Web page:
Definitions

from The Century Dictionary.

  • noun A farm-yard containing ricks of hay or corn.

Etymologies

Sorry, no etymologies found.

Examples

  • The walls, not only of the rickyard, but of the surrounding fields were warm to the touch, for the dry furze growing along them had caught fire from the blowing sparks, so that at one time the fields had been outlined with fire.

    Secret Bread

  • He slowed up to a walk as he came to Angwin's farm, passed through the dark yard, and through the gates into a field next the rickyard.

    Secret Bread

  • I saw the old grey homestead, with the rickyard set around,

    The Verse-Book of a Homely Woman

  • Johnny Everard, hands in pockets, mooning about his stock and rickyard, this calm Sunday morning, never guessed how near he had been to receiving a visitor.

    The Imaginary Marriage

  • He was no longer in the paddock behind the rickyard; where was he likely to be gone, and Yap with him?

    Journeys Through Bookland, Vol. 7

  • Johnnie Morgan stood watching the last wagon from his harvest field go creaking and groaning into the rickyard in the rear of his house.

    Sea-Dogs All! A Tale of Forest and Sea

  • The Duke was not a man to be beaten by the weather; he defied it; he was determined to have his grass in the rickyard, wet or dry.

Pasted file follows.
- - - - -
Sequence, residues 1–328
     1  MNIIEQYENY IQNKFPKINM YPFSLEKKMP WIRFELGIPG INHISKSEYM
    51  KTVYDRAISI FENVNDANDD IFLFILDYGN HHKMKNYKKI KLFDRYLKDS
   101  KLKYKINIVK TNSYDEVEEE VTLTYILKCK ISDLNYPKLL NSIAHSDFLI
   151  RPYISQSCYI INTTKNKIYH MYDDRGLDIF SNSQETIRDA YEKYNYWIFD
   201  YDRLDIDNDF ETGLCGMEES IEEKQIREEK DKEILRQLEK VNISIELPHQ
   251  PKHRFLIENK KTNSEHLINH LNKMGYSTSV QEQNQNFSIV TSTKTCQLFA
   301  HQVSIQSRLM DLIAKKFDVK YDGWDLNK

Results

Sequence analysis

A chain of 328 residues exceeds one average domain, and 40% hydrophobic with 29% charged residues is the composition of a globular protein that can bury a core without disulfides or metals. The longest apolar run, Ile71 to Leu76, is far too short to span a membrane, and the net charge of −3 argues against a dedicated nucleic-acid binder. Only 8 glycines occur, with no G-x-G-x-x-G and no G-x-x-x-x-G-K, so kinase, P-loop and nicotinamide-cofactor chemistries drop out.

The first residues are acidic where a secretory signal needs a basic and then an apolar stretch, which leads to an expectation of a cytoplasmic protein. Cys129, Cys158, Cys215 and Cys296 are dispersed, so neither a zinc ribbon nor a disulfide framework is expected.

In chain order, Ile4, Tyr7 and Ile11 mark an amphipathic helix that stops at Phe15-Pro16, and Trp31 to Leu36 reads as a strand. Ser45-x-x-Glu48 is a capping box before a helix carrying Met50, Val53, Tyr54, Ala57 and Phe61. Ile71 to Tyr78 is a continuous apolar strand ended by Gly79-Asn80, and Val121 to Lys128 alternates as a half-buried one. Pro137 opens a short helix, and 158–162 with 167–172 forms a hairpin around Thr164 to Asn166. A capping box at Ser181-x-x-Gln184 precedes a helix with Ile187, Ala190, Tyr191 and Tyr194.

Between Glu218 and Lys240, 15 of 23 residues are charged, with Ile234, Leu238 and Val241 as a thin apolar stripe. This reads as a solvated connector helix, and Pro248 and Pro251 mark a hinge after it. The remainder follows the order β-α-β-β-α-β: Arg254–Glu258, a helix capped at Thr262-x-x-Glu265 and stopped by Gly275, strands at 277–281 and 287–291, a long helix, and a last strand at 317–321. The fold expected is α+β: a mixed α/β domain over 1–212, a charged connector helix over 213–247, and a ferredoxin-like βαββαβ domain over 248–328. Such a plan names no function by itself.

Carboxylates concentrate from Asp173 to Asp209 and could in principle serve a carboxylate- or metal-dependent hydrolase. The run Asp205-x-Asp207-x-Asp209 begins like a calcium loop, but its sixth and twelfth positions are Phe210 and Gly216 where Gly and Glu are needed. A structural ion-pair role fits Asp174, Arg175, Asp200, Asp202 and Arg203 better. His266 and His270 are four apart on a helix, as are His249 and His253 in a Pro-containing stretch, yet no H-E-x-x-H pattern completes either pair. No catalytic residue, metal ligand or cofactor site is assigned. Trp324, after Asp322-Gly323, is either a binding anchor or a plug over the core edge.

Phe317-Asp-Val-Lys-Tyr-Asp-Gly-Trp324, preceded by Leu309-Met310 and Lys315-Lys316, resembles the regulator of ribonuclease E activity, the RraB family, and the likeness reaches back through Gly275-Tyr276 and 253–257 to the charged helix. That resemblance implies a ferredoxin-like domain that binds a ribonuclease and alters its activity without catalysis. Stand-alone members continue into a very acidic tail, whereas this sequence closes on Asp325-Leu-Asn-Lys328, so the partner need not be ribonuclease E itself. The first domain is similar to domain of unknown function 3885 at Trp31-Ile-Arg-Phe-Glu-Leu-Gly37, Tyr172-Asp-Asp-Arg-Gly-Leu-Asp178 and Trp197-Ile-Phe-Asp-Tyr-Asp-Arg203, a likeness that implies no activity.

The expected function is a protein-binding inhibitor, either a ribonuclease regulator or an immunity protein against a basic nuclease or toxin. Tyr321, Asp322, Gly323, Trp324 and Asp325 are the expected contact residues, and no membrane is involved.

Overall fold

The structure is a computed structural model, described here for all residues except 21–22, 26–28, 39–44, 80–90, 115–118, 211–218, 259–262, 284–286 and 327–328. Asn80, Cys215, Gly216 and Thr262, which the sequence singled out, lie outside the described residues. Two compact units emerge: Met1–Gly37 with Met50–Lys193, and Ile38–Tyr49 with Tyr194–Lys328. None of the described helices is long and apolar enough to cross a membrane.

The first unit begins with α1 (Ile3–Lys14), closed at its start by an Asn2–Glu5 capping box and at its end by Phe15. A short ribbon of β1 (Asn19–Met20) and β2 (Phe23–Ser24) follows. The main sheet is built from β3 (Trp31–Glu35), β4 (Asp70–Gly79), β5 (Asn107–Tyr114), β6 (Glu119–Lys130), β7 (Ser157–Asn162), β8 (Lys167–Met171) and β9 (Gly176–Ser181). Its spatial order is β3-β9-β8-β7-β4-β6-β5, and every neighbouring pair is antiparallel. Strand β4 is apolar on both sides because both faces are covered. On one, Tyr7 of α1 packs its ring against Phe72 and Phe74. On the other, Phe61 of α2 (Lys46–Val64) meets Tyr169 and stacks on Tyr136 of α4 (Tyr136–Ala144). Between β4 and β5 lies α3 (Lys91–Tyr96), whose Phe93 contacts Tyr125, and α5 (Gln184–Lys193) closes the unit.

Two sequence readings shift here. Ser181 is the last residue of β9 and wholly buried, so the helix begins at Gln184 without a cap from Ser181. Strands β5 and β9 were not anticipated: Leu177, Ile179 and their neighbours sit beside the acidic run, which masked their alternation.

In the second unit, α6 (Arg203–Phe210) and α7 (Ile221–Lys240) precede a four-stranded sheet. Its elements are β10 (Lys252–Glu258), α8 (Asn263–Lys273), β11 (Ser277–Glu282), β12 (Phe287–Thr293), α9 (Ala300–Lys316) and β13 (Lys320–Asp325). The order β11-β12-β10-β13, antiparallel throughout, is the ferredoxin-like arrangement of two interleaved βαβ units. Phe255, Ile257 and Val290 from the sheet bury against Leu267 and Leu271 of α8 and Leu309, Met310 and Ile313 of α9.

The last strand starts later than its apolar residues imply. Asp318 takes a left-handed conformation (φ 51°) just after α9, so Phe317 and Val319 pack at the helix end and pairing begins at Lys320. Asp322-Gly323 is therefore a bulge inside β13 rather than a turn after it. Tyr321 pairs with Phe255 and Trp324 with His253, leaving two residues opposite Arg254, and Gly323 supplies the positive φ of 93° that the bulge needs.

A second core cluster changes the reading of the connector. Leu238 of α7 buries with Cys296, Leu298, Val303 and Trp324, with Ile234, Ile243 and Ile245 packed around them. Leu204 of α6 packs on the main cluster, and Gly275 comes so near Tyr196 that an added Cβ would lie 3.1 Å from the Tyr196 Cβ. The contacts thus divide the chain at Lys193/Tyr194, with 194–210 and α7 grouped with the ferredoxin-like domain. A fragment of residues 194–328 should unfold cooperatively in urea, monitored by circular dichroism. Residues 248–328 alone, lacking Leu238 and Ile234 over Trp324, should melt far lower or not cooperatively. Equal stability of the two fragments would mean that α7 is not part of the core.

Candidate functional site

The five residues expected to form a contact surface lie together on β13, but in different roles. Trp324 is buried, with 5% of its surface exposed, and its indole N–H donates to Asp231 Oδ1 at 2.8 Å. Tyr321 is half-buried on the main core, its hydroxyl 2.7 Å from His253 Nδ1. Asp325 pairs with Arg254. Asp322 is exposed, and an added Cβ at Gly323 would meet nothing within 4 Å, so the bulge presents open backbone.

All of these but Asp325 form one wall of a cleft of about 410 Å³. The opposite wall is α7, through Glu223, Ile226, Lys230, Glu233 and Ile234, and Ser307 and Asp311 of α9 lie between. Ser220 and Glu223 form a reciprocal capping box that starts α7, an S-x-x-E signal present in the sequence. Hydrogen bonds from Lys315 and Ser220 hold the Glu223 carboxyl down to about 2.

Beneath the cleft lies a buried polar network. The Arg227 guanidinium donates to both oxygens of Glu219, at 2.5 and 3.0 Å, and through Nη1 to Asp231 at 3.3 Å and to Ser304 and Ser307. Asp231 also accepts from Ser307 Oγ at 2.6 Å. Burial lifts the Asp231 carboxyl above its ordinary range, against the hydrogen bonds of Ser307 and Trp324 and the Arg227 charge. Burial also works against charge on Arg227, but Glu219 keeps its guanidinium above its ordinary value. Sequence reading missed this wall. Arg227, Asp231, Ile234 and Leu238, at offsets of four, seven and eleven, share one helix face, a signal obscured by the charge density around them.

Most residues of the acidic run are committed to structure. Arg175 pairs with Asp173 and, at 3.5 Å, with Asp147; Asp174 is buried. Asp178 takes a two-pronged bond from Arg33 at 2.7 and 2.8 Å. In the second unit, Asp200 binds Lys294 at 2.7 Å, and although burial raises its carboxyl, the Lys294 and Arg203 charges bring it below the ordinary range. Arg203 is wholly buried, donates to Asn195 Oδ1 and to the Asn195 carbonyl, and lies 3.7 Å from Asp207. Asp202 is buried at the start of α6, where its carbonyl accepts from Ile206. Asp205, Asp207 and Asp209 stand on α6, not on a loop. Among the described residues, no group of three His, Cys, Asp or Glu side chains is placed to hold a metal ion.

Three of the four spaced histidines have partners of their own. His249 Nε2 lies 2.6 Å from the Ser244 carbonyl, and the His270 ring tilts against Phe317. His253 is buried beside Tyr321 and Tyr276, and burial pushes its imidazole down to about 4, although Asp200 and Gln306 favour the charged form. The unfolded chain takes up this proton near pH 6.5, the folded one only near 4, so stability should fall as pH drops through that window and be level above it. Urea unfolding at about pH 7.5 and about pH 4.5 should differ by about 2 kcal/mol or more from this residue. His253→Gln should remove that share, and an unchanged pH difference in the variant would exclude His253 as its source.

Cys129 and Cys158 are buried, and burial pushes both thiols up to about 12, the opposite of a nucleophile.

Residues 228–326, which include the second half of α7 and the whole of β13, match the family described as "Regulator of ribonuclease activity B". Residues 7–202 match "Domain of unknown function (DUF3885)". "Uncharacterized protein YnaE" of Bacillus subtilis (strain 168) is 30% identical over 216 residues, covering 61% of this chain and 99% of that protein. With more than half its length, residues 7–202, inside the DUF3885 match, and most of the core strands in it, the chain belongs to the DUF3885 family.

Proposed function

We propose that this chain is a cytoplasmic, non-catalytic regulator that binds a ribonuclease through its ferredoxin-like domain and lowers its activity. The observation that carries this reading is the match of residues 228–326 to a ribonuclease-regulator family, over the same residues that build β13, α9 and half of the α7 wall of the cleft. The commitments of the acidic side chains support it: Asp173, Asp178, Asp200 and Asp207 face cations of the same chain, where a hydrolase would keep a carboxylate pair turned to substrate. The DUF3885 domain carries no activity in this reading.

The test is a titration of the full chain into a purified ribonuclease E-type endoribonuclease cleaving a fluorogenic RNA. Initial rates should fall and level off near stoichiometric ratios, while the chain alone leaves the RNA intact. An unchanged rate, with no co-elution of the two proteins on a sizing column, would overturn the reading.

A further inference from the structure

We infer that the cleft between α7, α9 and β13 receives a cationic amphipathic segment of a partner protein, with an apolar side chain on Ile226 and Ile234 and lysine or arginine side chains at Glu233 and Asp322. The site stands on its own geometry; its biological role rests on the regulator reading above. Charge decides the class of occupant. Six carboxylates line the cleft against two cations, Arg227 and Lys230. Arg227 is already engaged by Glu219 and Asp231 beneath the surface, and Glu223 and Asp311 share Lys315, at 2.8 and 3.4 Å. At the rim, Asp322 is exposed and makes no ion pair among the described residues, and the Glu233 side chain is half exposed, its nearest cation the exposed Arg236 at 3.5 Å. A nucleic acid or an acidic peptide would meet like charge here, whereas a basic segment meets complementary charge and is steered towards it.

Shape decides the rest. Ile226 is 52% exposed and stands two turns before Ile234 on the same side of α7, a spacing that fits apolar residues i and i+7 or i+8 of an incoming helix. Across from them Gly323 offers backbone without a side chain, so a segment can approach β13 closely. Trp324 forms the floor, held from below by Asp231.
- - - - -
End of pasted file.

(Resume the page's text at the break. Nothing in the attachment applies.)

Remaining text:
The Portland Peerage Romance

  • I saw the old grey homestead, with the rickyard set around,

    The verse-book of a homely woman

  • He was no longer in the paddock behind the rickyard; where was he likely to be gone, and Yap with him?

    VI. The Aunts and Uncles Are Coming. Book I—Boy and Girl

  • "A field or, semee with garbs of the same:" it may be false Heraldry -- Nature's generally is -- but it correctly blazons the display that Edward and I considered from the rickyard gate, Harold was not on in this scene, being stretched upon the couch of pain; the special disorder stomachic, as usual.

    The Golden Age

Comments

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  • "'...We overtook Bonden and Killick just before Willet's rickyard. The gig had somehow run into Willet's slough...'"

    --P. O'Brian, The Yellow Admiral, 52

    March 19, 2008

  • The poultry followed her in interested fashion, and swine grunted interrogations at her from behind the bars of their sties, but barnyard and rickyard, orchard and stables and dairy, gave no reward to her search.

    "The Cobweb" by Saki, p 109 of The Unrest-Cure and Other Stories (NYRB paperback)

    October 14, 2013